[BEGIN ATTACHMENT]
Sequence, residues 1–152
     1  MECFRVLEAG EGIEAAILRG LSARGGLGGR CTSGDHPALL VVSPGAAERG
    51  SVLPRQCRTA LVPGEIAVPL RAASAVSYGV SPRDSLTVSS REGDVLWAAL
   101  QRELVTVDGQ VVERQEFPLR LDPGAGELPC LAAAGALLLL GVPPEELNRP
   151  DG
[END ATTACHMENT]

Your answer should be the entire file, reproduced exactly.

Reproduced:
Sequence, residues 1–152
     1  MECFRVLEAG EGIEAAILRG LSARGGLGGR CTSGDHPALL VVSPGAAERG
    51  SVLPRQCRTA LVPGEIAVPL RAASAVSYGV SPRDSLTVSS REGDVLWAAL
   101  QRELVTVDGQ VVERQEFPLR LDPGAGELPC LAAAGALLLL GVPPEELNRP
   151  DG